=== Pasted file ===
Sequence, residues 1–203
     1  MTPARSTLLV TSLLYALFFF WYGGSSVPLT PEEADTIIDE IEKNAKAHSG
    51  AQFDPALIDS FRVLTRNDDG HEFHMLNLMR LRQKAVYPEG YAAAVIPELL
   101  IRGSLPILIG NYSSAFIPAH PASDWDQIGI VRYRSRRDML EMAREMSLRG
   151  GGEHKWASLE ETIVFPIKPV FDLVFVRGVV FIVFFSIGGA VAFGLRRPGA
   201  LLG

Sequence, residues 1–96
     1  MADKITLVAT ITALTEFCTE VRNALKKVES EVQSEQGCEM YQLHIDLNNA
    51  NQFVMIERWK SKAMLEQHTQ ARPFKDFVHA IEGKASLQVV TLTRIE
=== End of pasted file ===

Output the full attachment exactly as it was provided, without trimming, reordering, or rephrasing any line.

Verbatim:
Sequence, residues 1–203
     1  MTPARSTLLV TSLLYALFFF WYGGSSVPLT PEEADTIIDE IEKNAKAHSG
    51  AQFDPALIDS FRVLTRNDDG HEFHMLNLMR LRQKAVYPEG YAAAVIPELL
   101  IRGSLPILIG NYSSAFIPAH PASDWDQIGI VRYRSRRDML EMAREMSLRG
   151  GGEHKWASLE ETIVFPIKPV FDLVFVRGVV FIVFFSIGGA VAFGLRRPGA
   201  LLG

Sequence, residues 1–96
     1  MADKITLVAT ITALTEFCTE VRNALKKVES EVQSEQGCEM YQLHIDLNNA
    51  NQFVMIERWK SKAMLEQHTQ ARPFKDFVHA IEGKASLQVV TLTRIE